Tuesday, June 15, 2004

Shiny New Toy
Mark has a new toy. It is a pretty toy. It is also a kind of practical toy, since his Ford was truly on its last legs. If you hadn't guessed, it's a new car. A Mazda RX-8, to be exact. It really is quite spiffy. Now that he's gotten to show it off to all the people he wanted to surprise, I can write about it.

I have gotten to ride in style ever since he got it last Wednesday, because every time I said I needed to go somewhere, he offered to chauffeur me. It is "titanium gray" with brushed aluminum trim bits and black and brown leather interior, which is better looking than it sounds. So far, I've had the most fun with the rear-hinged back doors, because the handles are hidden when the doors are closed, and they make having a backseat in a sports car much more practical. Mark, on the other hand, has been having lots of fun with the steering wheel-mounted radio controls, locking all the things the valet key can't unlock, the sunroof, the idea that he has an MD player, as well as a CD player, built into the dash, and showing off. So far, he's had one person at a stoplight roll down her window to ask what kind of car it was and congratulations from my karate instructor on getting such a nice car. The first night he got it, he brought the owner's manual in for bedtime reading, and looked very conflicted when I teasingly asked if he was going to sleep with it under his pillow. Because it is a 6-speed manual, he's working on getting his shifting smoothed out, but he's improving. Good thing he's had my poor car to practice manual driving on all the long trips we've taken this past year. It's kind of nice to be back in an all-manual household. I can be snobby again.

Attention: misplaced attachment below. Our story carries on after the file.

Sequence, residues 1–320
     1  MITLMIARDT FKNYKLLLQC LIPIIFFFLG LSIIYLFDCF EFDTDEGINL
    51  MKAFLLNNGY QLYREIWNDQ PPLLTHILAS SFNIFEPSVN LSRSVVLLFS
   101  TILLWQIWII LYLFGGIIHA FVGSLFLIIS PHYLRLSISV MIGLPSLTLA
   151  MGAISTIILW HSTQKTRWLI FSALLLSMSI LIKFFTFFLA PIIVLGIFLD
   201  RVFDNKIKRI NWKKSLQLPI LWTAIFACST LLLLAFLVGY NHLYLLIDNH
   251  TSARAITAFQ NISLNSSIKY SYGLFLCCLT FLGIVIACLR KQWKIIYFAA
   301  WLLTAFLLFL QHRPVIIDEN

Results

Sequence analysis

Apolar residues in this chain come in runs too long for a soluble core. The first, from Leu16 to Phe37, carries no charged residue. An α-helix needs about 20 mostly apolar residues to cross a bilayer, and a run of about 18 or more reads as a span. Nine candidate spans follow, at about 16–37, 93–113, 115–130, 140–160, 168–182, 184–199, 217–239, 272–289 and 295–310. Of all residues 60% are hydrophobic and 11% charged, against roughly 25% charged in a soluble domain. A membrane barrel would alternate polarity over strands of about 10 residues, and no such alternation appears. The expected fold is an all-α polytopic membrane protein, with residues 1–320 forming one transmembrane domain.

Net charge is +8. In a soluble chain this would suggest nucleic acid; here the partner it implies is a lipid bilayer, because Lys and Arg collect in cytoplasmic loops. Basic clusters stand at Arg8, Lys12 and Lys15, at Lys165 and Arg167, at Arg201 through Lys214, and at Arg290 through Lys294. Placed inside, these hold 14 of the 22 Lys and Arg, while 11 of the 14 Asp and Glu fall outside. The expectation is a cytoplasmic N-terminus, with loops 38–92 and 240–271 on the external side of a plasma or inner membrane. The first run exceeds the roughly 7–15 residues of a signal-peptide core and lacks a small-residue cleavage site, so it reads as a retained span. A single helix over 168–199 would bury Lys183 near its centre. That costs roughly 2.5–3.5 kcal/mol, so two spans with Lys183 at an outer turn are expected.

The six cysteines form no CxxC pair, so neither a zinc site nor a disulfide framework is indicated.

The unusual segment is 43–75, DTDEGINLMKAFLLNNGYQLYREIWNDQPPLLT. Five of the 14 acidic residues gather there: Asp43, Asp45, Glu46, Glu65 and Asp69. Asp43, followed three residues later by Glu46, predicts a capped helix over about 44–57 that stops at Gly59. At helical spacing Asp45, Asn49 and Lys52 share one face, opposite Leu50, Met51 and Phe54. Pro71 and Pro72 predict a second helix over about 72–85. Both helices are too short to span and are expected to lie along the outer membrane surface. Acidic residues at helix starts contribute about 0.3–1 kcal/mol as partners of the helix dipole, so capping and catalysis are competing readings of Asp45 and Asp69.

In case you don't already know, the main difference between an RX-(7/8) and other sports cars is that it has a rotary engine. While I can't begin to explain how it works, (I'll leave that to the website I linked to,) I do know that it means the car's center of gravity is low and the engine is incredibly small, which makes looking under the hood rather like looking into the suitcase of a very efficient overseas traveler.

When Mark told my uncle Bruce W. what car he was getting, Bruce told an amusing story about when he had his RX-7. It turned out that one of the people he worked with had worked on the original project to build a rotary engine years earlier. That project had been abandoned with the conclusion that it was impossible to build one that would work properly. Bruce held out his keys and told the guy to take his car for a spin. The guy replied, "Well, the engine won't work after (so many thousand miles)." Bruce pointed out that his car had several more miles than that and still worked fine. His co-worker was not amused.

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